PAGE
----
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Reading: Upgrading Humans Via Implants - Why Not?


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Upgrading Humans Via Implants - Why Not?


Kevin Warwick

About Kevin
Kevin Warwick is Professor of Cybernetics at the University of Reading where he carries out research in artificial intelligence, control, robotics and biomedical engineering. Kevin took his first degree at Aston University, followed by a PhD and a research post at Imperial College, London. He subsequently held positions at Oxford, Newcastle and Warwick universities before being offered the Chair at Reading. He has been awarded higher doctorates (DScs) both by Imperial College and the Czech Academy of Sciences, Prague, as well as Honorary Doctorates from Aston and Coventry Universities. He was presented with The Future of Health Technology Award from MIT, was made an Honorary Member of the Academy of Sciences, St.Petersburg, and received The IEE Senior Achievement Medal in 2004. In 2000 Kevin presented the Royal Institution Christmas Lectures. He is perhaps best known for carrying out a pioneering set of experiments involving the implant of multi-electrodes into his nervous system. With this in place he carried out the world's first experiment involving electronic communication directly between the nervous systems of two humans.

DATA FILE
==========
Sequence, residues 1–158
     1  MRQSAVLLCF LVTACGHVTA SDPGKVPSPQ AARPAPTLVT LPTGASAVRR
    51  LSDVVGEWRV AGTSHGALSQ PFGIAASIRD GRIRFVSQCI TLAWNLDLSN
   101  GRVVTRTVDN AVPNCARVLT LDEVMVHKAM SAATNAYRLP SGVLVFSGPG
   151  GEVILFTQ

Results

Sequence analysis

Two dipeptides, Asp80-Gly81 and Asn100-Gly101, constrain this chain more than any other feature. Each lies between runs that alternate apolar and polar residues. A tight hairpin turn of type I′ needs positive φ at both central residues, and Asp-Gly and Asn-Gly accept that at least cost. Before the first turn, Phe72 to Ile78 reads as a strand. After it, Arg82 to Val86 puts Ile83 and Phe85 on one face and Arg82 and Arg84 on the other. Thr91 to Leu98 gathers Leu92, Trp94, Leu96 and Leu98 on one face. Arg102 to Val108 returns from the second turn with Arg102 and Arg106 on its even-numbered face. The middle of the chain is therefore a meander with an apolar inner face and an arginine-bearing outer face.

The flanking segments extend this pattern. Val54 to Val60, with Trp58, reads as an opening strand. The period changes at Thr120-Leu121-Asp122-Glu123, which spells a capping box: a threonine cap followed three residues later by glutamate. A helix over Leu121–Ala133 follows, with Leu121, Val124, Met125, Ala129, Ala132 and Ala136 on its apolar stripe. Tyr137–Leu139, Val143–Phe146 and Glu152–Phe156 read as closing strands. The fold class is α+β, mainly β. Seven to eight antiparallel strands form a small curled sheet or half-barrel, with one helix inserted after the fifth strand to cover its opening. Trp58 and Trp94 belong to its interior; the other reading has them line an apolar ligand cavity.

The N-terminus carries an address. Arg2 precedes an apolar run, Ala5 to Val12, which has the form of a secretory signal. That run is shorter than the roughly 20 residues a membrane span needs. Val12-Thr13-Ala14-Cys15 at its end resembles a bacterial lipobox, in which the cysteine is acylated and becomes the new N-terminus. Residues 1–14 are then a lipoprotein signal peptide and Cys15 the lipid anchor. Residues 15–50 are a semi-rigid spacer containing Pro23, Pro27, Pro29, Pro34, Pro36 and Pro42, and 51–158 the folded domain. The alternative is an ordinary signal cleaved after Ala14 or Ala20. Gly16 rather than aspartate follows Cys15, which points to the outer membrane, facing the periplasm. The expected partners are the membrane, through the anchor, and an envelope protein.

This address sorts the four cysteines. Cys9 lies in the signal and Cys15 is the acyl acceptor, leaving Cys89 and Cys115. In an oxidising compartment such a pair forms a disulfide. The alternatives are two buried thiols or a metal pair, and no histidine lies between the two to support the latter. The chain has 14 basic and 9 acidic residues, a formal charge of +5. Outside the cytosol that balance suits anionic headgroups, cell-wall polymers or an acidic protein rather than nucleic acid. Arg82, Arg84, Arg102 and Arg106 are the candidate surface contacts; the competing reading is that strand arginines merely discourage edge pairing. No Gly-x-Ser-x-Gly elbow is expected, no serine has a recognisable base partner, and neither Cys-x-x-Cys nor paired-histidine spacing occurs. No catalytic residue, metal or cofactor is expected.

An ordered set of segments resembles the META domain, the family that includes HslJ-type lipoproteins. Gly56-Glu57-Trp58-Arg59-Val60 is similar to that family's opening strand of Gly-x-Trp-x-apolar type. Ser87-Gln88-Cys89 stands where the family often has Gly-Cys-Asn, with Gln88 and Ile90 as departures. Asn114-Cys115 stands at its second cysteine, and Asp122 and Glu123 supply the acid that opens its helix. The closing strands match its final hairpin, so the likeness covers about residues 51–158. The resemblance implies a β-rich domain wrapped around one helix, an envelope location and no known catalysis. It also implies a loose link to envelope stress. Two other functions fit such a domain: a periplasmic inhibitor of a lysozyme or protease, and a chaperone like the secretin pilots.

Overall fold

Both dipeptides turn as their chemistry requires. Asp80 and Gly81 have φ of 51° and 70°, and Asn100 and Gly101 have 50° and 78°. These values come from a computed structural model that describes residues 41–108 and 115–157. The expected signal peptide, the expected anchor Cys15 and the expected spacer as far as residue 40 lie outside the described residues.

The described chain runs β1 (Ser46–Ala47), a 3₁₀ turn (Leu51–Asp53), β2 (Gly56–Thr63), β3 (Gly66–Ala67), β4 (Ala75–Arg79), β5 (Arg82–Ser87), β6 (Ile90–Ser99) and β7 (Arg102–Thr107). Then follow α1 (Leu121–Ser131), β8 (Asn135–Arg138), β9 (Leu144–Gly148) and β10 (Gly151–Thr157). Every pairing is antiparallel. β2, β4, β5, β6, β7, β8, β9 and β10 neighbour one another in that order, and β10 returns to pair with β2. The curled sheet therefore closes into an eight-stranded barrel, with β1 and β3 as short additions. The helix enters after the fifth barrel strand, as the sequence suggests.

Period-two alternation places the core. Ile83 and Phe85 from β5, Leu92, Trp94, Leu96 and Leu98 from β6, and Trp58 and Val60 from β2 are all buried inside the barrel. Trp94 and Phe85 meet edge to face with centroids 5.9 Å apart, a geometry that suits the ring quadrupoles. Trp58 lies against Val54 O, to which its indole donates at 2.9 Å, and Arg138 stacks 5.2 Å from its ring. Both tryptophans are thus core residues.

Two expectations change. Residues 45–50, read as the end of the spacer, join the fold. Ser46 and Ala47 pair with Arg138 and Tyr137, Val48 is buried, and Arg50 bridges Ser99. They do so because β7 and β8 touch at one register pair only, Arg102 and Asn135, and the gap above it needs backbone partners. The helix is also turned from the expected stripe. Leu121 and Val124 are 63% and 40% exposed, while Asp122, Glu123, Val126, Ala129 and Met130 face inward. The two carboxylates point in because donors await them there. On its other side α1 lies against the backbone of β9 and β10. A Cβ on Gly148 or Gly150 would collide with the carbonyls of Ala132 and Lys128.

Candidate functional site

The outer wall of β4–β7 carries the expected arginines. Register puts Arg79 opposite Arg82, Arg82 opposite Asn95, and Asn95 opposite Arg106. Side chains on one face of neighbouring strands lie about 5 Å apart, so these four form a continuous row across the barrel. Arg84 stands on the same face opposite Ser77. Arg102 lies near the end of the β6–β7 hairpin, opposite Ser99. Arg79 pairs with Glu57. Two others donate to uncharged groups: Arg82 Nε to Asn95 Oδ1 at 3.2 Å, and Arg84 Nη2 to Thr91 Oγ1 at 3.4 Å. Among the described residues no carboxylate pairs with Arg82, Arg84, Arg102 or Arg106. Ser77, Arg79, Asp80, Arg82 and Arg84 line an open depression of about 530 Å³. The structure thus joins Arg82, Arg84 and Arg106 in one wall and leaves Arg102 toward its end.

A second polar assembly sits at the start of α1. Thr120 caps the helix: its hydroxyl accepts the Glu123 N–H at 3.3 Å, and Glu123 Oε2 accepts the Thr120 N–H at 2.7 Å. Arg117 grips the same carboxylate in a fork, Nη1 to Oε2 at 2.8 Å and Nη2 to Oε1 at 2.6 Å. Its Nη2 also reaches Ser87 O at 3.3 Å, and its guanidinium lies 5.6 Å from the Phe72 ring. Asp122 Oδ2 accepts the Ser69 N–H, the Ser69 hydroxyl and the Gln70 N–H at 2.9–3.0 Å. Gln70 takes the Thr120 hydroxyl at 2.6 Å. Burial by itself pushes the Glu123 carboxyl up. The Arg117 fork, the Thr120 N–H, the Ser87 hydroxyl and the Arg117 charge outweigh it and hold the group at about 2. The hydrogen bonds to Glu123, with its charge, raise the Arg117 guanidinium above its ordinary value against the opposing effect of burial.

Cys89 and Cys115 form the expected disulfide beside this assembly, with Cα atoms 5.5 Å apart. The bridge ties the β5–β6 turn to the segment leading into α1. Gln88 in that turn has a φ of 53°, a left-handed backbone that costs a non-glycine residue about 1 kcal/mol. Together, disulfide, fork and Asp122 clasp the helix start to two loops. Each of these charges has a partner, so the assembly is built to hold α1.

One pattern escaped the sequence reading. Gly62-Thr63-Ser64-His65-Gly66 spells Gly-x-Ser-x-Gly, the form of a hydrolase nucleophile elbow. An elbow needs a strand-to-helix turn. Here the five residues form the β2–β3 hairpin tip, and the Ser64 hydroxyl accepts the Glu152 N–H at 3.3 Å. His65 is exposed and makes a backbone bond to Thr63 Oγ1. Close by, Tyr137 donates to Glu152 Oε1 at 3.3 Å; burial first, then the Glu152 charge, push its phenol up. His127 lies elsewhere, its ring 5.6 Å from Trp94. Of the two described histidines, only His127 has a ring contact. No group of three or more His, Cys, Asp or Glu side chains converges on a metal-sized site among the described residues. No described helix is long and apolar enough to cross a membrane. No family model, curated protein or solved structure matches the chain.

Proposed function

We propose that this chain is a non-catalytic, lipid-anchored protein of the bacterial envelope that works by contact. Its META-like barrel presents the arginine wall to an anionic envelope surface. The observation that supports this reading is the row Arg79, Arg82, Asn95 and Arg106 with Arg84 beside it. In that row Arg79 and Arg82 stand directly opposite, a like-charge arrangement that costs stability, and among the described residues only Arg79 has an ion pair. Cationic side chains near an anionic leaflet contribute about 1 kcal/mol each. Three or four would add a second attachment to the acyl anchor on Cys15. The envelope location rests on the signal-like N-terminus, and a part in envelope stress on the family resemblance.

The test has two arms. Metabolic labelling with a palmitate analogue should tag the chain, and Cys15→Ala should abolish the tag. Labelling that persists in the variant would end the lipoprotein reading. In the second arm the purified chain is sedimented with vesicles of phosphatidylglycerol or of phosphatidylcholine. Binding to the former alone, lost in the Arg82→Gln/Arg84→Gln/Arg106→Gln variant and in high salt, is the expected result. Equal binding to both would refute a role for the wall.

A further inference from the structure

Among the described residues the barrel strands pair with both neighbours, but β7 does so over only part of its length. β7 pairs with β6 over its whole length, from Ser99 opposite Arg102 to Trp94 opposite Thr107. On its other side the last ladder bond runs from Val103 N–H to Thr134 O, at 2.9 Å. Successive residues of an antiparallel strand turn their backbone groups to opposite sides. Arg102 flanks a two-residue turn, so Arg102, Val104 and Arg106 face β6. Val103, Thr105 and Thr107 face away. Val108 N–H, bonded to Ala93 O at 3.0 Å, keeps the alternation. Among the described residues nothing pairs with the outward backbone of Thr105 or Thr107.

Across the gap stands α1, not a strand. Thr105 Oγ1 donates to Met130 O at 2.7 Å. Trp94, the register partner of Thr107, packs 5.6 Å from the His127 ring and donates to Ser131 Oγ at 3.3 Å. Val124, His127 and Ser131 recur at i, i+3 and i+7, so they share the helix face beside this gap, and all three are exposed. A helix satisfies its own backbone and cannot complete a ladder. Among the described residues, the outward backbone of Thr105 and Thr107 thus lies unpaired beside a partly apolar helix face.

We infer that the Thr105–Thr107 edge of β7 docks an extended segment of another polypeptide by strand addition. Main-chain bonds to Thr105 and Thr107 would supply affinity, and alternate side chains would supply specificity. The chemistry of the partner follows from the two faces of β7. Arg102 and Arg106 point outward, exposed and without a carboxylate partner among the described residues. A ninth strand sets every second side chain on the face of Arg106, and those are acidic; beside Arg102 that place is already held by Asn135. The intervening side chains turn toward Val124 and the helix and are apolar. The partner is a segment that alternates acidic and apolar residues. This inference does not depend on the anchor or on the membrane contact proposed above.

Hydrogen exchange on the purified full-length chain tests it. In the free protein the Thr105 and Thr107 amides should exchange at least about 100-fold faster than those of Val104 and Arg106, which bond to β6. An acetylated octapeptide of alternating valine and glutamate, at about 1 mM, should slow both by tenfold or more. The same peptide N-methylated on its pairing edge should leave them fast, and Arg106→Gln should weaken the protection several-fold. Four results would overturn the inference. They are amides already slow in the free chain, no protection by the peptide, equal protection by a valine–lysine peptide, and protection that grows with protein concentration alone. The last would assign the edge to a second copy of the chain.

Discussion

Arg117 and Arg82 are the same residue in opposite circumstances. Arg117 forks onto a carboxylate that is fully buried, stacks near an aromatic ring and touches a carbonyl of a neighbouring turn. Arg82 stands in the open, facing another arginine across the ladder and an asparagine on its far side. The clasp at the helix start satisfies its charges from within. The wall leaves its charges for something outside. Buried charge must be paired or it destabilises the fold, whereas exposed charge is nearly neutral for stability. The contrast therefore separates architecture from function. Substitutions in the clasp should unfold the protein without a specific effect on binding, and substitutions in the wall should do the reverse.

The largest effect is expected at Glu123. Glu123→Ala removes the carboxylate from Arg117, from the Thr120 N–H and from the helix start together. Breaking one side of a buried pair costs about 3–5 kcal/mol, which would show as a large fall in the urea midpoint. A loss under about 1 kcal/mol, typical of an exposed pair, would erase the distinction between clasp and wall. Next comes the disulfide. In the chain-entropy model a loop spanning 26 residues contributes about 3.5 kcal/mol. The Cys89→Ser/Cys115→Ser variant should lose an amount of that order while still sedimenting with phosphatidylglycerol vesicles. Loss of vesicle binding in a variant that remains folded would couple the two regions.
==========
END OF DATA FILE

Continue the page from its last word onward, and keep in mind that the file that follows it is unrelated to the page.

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In his forum paper, Prof. Kevin Warwick considers four different examples of how the use of implant technology is opening up the possibility of upgrading human abilities, particularly in terms of mental cognition. The main thrust is an overview of Prof. Warwick's own research, which led to him receiving a neural implant linking his nervous system bi-directionally with the internet. With this implant in place, neural signals were transmitted to various technological devices to directly control them, in some cases via the internet, and feedback to the brain was obtained from such stimuli as the fingertips of a robot hand, ultrasonic (extra-) sensory input and neural signals directly from another human's nervous system. A view is taken as to the prospects for the future, both in the short-term as a therapeutic device and in the long-term as a form of enhancement, including the realistic potential, in the near future, for thought communication – thereby opening up tremendous commercial potential. The therapy/enhancement dichotomy is considered here, as well as military and medical issues. Clearly though, an individual whose brain is part human/part machine can have abilities that far surpass those who remain with a human brain alone. Will such an individual exhibit different moral and ethical values to those of a human? If so, what effects might this have on society?
How to Cite: Warwick, K., (2008). Upgrading Humans Via Implants - Why Not?. 19: Interdisciplinary Studies in the Long Nineteenth Century. (7). DOI:
Published on 01 Oct 2008.


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